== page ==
When Skin Becomes the Target of Mold-Related Illness

by Dr. Susan Tanner, MD

Because skin covers our entire body, we tend to look at it as an envelope, a protective barrier of sorts, instead of viewing it for the organ that it is.  Skin is actually THE largest organ of the body, and as such, it can become the target and displayer of internal health conditions. When issues of the skin arise, the tendency many times is to direct treatment directly and topically to the skin itself, rather than to the processes that have caused the issues in the first place. And while topical treatments may help with skin conditions at the moment, they often do not get to the bottom of the problem; that takes looking within, especially when mold exposure is involved.

When thinking of how mold and fungi relate to skin, our minds often go to topical skin infections caused by fungi, such as athlete’s foot, ringworm, and jock itch.  These conditions are caused by an actual infection of the skin by the fungus. Conversely, there are other skin manifestations that are not infections but that are induced by exposure to mold and mycotoxins. These skin issues can occur through several mechanisms which we will examine.

Autoimmune Reactivity

Skin manifestations of autoimmunity include but are not limited to eczema, contact dermatitis, psoriasis, urticaria, and dandruff.  Any time the immune system is challenged and imbalanced, then reactivity may manifest itself in many ways including the skin conditions mentioned above. One thing to bear in mind, however, is that it is common for skin to become the target organ of autoimmunity when levels of zinc, Vitamin A, Vitamin D, Vitamin C, and Omega 3 fatty acids are deficient.  Making sure that these nutrient levels are optimized is part of the plan when addressing these types of autoimmune skin disorders. The gut is usually also compromised by circulating toxins which cause an inflammatory response in the intestinal lining and thus certain food molecules “leak” into the bloodstream to become triggers for skin reactivity, either on an acute or chronic basis.  Healing the gut lining, restoring normal levels of good bacteria, and immune gut function are very important parts of treating these skin conditions. Suggested formulas are IgG Gut Protect–it helps to maintain a healthy intestinal immune system by binding a broad range of microbes and toxins within the gut lumen–and high-quality probiotics.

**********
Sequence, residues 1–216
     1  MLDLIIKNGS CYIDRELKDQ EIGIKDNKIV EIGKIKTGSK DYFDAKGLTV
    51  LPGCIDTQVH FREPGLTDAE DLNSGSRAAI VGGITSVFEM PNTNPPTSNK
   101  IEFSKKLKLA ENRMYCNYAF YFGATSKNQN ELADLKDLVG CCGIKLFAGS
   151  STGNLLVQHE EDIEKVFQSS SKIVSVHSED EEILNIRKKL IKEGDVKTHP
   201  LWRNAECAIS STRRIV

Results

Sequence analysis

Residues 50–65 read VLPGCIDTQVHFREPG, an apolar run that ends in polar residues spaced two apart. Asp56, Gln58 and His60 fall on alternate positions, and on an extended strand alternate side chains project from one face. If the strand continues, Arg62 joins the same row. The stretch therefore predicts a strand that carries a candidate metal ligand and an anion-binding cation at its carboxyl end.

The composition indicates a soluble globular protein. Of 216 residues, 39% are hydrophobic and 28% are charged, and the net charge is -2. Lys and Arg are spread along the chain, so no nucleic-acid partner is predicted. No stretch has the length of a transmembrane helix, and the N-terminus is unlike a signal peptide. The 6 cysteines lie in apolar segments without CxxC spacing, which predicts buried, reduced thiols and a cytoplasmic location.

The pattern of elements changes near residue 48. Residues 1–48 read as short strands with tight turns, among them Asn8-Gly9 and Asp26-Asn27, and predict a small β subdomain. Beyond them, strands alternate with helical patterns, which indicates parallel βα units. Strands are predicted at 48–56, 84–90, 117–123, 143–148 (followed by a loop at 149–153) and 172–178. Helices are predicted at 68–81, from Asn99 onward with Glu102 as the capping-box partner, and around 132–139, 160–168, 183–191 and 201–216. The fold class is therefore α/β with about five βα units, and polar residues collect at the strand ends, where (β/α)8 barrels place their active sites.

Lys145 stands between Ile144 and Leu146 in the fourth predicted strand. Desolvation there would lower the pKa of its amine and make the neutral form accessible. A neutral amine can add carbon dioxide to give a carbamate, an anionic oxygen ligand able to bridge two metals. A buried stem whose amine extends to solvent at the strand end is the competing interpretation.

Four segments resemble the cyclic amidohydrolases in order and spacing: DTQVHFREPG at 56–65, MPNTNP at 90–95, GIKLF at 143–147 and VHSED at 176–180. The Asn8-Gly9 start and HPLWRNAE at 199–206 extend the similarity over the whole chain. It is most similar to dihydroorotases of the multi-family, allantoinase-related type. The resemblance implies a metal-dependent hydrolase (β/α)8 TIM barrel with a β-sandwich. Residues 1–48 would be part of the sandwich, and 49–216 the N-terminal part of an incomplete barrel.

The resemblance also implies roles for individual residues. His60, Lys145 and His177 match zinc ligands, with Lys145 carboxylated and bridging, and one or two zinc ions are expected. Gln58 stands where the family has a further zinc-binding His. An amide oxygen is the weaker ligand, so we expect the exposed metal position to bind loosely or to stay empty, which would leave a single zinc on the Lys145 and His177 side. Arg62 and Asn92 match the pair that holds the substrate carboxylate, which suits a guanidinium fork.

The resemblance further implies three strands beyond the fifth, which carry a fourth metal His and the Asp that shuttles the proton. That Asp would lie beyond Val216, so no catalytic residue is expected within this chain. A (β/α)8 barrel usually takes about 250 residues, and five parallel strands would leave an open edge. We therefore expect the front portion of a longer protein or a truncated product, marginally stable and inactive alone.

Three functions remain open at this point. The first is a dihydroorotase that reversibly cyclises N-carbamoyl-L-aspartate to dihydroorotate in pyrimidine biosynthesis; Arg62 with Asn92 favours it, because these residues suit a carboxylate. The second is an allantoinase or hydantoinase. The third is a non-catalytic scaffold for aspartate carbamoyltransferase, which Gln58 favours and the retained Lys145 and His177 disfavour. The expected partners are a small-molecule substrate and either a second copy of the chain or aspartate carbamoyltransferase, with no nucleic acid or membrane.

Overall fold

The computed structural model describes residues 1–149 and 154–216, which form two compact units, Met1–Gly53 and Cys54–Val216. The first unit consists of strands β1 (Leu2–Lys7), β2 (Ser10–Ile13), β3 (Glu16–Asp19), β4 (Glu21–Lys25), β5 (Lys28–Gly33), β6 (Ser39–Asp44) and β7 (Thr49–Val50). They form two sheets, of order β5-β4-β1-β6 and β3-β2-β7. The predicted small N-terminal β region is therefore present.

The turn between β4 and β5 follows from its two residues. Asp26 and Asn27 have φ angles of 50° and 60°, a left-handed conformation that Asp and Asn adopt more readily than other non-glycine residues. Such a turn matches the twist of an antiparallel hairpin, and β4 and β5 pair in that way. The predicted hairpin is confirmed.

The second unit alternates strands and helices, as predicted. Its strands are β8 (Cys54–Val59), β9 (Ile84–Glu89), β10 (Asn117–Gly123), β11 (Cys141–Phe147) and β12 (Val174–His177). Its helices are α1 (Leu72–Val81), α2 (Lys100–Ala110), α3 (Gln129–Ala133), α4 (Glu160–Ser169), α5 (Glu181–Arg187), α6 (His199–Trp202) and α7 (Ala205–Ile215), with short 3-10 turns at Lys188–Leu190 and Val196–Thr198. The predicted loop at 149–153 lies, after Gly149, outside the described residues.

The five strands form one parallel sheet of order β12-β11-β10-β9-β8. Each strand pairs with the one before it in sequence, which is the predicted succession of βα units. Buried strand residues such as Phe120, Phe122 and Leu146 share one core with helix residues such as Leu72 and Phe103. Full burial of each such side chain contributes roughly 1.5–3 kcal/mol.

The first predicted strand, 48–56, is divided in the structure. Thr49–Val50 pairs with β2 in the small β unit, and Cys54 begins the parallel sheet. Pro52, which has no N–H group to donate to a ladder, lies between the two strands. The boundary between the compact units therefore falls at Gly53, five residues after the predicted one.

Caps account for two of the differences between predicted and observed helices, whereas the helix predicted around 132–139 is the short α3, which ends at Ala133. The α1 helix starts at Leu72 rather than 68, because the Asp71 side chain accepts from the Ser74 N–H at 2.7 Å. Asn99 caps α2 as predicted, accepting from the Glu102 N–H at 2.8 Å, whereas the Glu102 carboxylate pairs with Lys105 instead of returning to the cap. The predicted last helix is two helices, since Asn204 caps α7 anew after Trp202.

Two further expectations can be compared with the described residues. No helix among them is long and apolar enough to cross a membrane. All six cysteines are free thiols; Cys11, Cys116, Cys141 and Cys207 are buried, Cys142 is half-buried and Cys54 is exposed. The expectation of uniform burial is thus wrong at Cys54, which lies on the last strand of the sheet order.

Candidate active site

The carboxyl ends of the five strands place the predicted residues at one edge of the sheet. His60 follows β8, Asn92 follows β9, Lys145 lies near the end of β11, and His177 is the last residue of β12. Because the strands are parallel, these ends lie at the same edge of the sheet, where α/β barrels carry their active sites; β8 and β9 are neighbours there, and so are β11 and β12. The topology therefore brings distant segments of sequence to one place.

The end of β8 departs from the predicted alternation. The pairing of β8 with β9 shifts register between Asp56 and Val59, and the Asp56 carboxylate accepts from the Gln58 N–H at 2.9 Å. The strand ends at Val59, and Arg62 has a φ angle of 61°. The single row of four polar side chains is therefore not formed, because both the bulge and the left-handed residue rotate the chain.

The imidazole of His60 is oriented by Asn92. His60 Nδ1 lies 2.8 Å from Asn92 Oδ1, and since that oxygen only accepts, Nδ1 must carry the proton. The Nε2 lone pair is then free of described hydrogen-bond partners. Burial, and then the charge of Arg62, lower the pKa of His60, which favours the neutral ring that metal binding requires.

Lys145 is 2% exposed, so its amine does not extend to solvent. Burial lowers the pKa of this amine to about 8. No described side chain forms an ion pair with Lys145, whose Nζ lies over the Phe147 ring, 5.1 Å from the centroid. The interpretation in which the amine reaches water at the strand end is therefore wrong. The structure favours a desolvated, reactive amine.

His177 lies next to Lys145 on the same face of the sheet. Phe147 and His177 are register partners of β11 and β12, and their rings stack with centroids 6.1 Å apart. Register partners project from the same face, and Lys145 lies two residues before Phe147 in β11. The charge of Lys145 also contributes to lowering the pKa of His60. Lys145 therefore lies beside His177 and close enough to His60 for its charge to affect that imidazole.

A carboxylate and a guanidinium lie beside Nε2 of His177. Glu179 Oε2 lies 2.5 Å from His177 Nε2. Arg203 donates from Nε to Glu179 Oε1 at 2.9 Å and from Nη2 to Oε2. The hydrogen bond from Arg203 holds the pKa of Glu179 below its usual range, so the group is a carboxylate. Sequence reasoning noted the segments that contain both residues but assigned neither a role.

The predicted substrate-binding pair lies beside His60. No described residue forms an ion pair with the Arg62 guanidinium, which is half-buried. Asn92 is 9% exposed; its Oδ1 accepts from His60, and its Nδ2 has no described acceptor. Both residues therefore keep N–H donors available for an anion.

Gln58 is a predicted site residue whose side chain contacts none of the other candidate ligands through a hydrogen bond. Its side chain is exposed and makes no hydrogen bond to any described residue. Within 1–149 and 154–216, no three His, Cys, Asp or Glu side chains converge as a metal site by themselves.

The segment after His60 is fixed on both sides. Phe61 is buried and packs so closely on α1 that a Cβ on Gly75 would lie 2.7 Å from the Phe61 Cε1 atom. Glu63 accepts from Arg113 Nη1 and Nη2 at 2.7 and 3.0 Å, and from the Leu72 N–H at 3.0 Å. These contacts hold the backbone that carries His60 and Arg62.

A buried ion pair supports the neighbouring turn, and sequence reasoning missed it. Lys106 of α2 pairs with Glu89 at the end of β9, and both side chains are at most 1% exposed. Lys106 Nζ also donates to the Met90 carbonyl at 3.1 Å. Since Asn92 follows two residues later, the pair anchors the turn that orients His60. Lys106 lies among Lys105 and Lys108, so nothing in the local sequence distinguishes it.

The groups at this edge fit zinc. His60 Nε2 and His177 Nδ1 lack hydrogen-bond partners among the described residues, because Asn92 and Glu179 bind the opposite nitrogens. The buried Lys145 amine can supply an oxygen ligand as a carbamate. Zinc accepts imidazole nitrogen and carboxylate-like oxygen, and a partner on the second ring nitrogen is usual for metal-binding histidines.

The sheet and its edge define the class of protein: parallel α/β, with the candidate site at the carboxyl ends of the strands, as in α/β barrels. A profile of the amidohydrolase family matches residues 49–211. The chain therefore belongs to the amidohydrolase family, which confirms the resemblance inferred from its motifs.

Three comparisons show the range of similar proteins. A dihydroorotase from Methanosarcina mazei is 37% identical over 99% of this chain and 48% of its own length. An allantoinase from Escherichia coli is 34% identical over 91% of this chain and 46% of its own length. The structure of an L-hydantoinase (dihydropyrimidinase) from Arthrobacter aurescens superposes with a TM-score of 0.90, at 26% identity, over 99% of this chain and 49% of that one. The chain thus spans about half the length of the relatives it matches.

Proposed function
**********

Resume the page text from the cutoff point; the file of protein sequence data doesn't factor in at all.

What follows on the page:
Hormonal Imbalances

Acne is often thought to be the most common skin issue arising from hormone problems but seldom do we realize that exposures to mycotoxins and molds may lead to these imbalances as well.  Toxin exposure can trigger hormone issues on a couple of different levels.  Certain chemicals are known to be “hormonal mimics” especially phthalates in plastics and certain pesticides.  While these are not mycotoxins themselves, when the body’s detox system is burdened by mycotoxins then the capacity to break down and excrete other chemicals may become impaired, leading to the stimulation of hormonal dysregulation.  Excessive amounts of estrogens and testosterone, and their byproducts, can lead to the inflammatory response in the skin that produces cystic acne.  Obviously, making sure your indoor environments are as mold-free as possible is the first line of defense, but the use of pituitary and endocrine system support like CellTropin may also gently help with the hormonal imbalances once the detoxification process is being addressed.

Gastrointestinal Microbiome

We refer to the microbiome as the complex makeup of the bacteria in the gut.  These bacteria carry out very important processes which affect everything from immunity to brain function to detoxification.  An overabundance of yeast or fungi in the gut can lead to far-reaching symptoms, and the skin is quite notable in this respect.  Acne, reactive dermatitis, and other manifestations may be the direct/indirect response to a poor microbiome.  Treatment certainly involves eating good foods that do not further foster the overgrowth of non-desirable bacteria or yeast, avoiding those foods that feed them, such as sugar and other refined carbohydrates, and restoration of this microbiome with excellent probiotics.  The use of Candida Rid and CitriDrops Dietary Supplement can also help reduce a load of fungi and candida IF you are also following the dietary rules!  No supplement gives you permission to eat anything and everything.

Detoxification in General

When the body burden has become high from mycotoxins, chemicals, and illnesses, then the sluggishness of the liver detoxification pathways can manifest in skin problems which we alluded to in the above paragraphs. Avoidance of the toxins is the first step, but supporting the liver’s ability to clear these toxins out goes a long way toward clearer skin.  Aging of skin also occurs when collagen begins to break down as a result of oxidative stress, which can happen prematurely if the toxic burden is high.  Collagen itself may help with this but only if the source of toxins is removed.  Back to the statement, we make nearly every article, the air that you breathe must be cleared of molds and mycotoxins!

A Barometer of Success

The skin may become your barometer of success.  If you are having skin issues as described and you apply the methods above, you should see a good response.  Then if you have a sudden reaction or outbreak you will quickly suspect an exposure or an underlying imbalance which if addressed sooner than later, can help get your entire body back into good working order.  It is not unusual that skin may be the only recognizable issue, so take this clue seriously and act on it!

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